Cory Doctorow at 3:52 pm Thu, Feb 2, 2012
Design student Victoria Caswell created this "Boy Scout Survival Sewing Kit" that puts all the sewing essentials into a rugged, macho knife-roll-style package.
Student Work – Victoria Caswell
(via Super Punch)
I write books. My latest is a YA science fiction novel called Homeland (it's the sequel to Little Brother). More books: Rapture of the Nerds (a novel, with Charlie Stross); With a Little Help (short stories); and The Great Big Beautiful Tomorrow (novella and nonfic). I speak all over the place and I tweet and tumble, too.
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Very nice, but in the backcountry all you need is a good needle and dental floss.
Preferably a curved needle so you could stitch up gaping axe wounds.
no fid? no marlinspike? no palm? woe unto ye sorry sailor should you become becalmed bereft ‘n befouled. [adjusts albatross]
I have just realized that I would love a novelty tie shaped as an albatross. It’d be nifty.
33% of people would stop and ask you about it
You’d be the life of the wedding. Sadder but wiser they’d be.
I think this is really very cool. However, I have such mixed emotions about the Boy Scouts of America. On one hand I love the history I’ve had with them, but on the other their issues with non believers, and GLBT folks really make me not want to support them at all.
Remember, it isn’t every Boy Scout troop that’s evil! When word came down from the top about the whole gays business, it was an utter shame for my local troop here in Oak Park, Illinois, where we’re all about tolerance and acceptance. The principal of the high school had no choice but to say that the troop couldn’t use the facilities anymore due to the stance of the the organization, even though the local troop was anything but homophobic.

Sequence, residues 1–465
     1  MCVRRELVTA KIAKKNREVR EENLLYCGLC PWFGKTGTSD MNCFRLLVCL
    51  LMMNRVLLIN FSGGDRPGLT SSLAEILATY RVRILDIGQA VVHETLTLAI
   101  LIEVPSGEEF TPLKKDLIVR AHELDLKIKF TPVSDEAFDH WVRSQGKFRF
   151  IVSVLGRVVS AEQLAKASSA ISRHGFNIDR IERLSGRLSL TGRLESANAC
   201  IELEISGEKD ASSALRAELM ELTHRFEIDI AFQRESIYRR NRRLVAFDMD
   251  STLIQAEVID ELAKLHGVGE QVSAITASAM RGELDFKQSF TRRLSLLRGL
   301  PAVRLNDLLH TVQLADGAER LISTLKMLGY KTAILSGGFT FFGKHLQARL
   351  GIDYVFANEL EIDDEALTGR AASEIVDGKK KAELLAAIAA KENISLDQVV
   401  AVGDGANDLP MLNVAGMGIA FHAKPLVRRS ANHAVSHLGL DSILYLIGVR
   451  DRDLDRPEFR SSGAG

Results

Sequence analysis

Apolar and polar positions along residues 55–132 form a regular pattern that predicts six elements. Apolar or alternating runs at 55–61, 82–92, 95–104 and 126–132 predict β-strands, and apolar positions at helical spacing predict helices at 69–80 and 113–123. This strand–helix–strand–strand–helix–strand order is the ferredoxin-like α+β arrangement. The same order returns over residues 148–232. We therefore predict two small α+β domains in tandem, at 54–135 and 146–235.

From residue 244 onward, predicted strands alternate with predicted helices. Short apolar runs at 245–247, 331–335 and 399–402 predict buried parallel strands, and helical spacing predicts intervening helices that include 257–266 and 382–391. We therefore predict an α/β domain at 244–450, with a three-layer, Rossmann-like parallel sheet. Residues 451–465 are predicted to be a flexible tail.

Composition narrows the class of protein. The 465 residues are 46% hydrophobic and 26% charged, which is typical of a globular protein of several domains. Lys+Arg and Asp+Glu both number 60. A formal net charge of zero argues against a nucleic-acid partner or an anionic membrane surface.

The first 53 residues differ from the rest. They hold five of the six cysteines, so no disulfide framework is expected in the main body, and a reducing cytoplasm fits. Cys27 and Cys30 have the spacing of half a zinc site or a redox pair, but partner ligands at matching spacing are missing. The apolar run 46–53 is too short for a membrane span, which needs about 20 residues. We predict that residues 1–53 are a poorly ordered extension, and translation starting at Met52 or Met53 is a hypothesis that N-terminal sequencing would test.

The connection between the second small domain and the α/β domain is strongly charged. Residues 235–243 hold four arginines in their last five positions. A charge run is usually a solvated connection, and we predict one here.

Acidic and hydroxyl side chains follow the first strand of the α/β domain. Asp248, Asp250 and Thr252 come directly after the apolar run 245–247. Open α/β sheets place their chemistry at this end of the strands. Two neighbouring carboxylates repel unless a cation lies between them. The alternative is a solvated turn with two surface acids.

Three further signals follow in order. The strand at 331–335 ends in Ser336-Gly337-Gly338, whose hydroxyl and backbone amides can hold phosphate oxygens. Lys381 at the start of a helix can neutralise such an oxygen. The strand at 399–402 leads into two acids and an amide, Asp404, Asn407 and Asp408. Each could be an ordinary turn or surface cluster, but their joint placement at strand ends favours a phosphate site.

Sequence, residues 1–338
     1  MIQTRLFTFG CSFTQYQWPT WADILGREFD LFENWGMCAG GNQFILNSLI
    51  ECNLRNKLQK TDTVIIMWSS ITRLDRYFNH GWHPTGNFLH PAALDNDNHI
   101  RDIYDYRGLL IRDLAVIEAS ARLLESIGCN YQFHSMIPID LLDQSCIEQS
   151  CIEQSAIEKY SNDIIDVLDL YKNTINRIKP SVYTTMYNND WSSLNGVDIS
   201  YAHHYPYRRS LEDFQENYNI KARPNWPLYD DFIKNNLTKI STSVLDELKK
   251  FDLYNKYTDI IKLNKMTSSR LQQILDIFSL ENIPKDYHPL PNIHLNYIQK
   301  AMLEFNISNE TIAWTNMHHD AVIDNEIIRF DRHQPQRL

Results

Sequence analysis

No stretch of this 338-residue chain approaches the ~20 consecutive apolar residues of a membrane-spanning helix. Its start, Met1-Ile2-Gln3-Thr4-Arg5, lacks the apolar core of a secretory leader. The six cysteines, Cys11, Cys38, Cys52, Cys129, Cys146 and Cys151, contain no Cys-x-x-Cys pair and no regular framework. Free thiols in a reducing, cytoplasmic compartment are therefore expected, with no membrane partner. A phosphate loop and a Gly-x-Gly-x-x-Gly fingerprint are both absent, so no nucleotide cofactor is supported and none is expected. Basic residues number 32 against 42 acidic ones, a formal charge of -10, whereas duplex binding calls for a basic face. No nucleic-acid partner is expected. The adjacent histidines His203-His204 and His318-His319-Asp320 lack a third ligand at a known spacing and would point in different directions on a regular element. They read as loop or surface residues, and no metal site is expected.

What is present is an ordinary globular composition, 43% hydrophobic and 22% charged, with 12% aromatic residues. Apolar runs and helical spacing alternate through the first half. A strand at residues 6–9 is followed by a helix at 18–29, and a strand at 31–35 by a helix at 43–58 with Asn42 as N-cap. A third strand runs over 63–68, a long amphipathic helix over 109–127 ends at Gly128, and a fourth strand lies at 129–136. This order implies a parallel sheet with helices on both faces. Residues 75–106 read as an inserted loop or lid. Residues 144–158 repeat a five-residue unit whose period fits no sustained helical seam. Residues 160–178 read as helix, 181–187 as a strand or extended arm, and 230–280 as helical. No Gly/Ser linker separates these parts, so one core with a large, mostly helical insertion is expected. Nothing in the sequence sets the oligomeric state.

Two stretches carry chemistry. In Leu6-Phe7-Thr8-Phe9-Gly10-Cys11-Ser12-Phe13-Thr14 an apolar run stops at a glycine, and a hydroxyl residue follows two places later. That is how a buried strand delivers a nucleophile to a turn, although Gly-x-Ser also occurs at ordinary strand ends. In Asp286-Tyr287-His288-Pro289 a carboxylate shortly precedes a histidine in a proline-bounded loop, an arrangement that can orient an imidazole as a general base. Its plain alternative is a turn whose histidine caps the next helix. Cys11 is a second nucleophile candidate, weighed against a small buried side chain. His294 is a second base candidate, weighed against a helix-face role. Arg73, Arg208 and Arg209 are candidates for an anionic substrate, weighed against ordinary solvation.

This injustice was compounded by the local troop’s inability to wear their uniforms around the town, for fear of being called ‘Hitler Youth’ and the like, which, yes, did actually happen.
I’m not saying support them as a whole, but they aren’t all terrible people!
Here’s how Girl Scouts did it when I was a kid:
Wrap a reasonable length of thread around a small piece of cardboard….one row each of black, white, and brown/khaki. Push a few needles (including one big enough to use with dental floss), a bunch of straight pins, and 6-10 safety pins (of different sizes, not 20 of the same size) into a piece of felt. Add a couple of buttons, a few hooks-&-eyes, and a travel size dental floss. Put in a small waterproof plastic bag.
Takes up about the same amount of room as one of the spools of thread above.
Agreed. Why would you need five full spools of thread.
My survival sewing kit is a bunch of black upholstery thread wrapped around one of those leather magnetic bill folds. The magnet two magnets fold together and hold all the needles and pins in place. The magnet really helps, because I have a tendency to drop just about anything, and I can use it to search the floor for any pin or needle lost.
In the past I used a film canister with a couple bobbins of thread, some needles and buttons etc.